In my last post, I talked all about what is means when you are a genetic carrier of a recessive gene. To recap, the recessive gene will not cause disease, but your partner also has that recessive gene, you may have a child with a disease. Let’s think about the options, using a capital letter (G) as the normal gene and a lower case letter (g) as the recessive mutated gene.
If you are a carrier, you’re have one copy of G and one copy of g (or Gg). What if you have a child with someone who isn’t a carrier (GG)? If you look at the possibilities (to the left) you have a 50/50 chance of having a child who isn’t a carrier or one who is. But you will not have a child who has the disease. On the other hand, if both you and your partner are carriers (see the picture on the right), you have 25% chance of having a child who isn’t a carrier, 50% chance of having a child who’s a carrier, and 25% chance of having a child who has the disease.
If you’re a carrier and your partner is a carrier, you know your odds. So what are your options? Before I start, if you’re dealing with this personally, please discuss all of this with a trained medical professional. I can explain the biology of why things happen, but only your doctor can give you medical advice and treatment options. Also, these decisions are all personal to you. There is no one answer, and what works for you may not work for someone else – and this is often what we face when making these very personal medical decisions.
- If you know that you and your partner are both carriers for a particular disease, you can choose not to get pregnant and avoid the risk altogether
- Alternatively, you can get pregnant and monitor the pregnancy closely. Go ahead and roll the dice! There is a 25% chance of having a child with that disease and a 75% chance that they won’t. Having the knowledge in advance, you will know the likelihood and can monitor the pregnancy accordingly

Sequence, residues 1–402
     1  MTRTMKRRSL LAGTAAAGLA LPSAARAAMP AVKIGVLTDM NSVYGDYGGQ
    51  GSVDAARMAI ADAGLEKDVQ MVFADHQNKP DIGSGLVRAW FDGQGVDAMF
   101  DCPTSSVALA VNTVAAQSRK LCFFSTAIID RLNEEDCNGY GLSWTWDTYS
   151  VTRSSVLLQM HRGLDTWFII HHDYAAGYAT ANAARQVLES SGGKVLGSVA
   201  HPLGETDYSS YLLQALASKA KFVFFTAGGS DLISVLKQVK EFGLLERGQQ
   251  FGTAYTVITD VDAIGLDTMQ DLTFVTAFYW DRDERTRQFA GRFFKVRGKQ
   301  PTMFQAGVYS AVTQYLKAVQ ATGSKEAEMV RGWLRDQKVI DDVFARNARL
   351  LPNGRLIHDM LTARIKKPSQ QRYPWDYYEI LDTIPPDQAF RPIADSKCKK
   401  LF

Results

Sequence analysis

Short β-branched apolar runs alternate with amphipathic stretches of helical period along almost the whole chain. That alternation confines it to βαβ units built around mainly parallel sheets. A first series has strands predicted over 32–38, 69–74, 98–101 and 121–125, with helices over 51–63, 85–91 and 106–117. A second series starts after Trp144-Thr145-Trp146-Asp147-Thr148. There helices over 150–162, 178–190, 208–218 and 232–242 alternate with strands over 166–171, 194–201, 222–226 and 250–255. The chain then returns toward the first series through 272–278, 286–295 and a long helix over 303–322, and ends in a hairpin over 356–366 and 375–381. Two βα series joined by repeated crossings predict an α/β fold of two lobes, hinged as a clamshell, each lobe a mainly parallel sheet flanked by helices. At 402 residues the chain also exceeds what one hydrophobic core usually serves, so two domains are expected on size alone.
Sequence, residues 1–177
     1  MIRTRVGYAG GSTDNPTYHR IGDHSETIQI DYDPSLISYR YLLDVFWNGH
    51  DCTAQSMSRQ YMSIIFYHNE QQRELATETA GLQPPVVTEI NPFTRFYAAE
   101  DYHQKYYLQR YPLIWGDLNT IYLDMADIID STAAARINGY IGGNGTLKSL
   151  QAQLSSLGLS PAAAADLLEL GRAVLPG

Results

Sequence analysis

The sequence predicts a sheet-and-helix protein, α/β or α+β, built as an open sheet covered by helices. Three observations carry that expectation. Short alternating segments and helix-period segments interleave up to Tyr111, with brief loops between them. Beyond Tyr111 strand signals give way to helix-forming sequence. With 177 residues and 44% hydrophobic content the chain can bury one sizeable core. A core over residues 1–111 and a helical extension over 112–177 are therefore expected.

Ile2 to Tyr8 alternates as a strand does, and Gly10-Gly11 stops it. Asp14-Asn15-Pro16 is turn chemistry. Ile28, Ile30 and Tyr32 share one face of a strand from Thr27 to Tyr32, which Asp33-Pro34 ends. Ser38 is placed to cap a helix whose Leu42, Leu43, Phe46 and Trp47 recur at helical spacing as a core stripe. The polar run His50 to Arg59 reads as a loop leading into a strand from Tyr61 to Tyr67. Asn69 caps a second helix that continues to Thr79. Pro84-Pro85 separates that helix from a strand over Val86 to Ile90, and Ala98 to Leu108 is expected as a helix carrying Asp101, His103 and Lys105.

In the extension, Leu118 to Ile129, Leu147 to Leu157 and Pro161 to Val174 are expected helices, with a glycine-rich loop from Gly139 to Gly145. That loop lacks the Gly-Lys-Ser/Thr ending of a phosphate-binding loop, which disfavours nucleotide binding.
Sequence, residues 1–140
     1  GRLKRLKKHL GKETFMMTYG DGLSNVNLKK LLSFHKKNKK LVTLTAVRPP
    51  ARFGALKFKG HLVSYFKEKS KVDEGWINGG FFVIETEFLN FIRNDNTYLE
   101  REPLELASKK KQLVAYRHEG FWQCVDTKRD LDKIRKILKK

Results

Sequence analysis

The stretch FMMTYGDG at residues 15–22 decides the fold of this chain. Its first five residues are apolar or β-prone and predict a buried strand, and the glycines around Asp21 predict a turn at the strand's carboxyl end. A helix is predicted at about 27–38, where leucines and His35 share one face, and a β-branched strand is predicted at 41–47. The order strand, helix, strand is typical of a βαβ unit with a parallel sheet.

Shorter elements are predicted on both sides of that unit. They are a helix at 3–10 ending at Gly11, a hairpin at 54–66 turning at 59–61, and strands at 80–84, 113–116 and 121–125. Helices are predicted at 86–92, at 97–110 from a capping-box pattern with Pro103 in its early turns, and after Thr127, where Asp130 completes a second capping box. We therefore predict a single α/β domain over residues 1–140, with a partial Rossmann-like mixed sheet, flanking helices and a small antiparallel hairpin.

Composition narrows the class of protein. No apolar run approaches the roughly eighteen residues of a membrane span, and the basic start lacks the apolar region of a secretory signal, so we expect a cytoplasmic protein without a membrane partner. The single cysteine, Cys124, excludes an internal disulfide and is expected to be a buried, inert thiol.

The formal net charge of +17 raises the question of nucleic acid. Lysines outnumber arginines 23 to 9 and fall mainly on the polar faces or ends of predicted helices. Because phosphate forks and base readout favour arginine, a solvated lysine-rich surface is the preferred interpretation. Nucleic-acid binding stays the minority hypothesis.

- There are tests like chorionic villus sampling (CVS) that can test for genetic diseases (such as Tay-Sachs disease) before birth, if both you and your partner are carriers for a recessive gene that causes disease
- If the developing child is found to have a genetic disease, depending on the disease and severity (e.g., if they will or will not survive at birth), there is the option to terminate the pregnancy. There also may be options for treatments while the child is developing or immediately at birth that may help decrease the severity of the disease right away.
- You can choose instead to use a sperm or egg donor from someone who doesn’t carry that recessive gene.
- You can use in vitro fertilization and check the genes of the embryo pre-implantation to select those that do not have two copies of the recessive genes.
- Choose to adopt
As an aside, I asked my primary care physician about carrier testing a few years ago. Without a family history of any genetic diseases, she was resistant (if not downright hostile) about me wanting to get carrier testing, and mentioned that insurance likely wouldn’t pay for the testing. I’m hoping that my experience was not the norm, however, I don’t think that most primary care physicians have a deep understanding of genetics and genetics diseases and may be uncomfortable suggesting this type of screening because they would not know how to best interpret the results. Interestingly, a number of companies now exist that will perform the carrier testing for you for a nominal fee, such as Pathway Genomics, Counsyl, and Natera. I cannot recommend or discourage you from using or not using these services, however you generally need to work with your doctor to order these tests.
Again, these are all options, not medical advice, and all up to you as to what works best for you and your partner. But with the knowledge of what may happen and why it may happen, you are at least armed with information to ask meaningful questions about yours and your non-existent child’s potential genes before or during your pregnancy,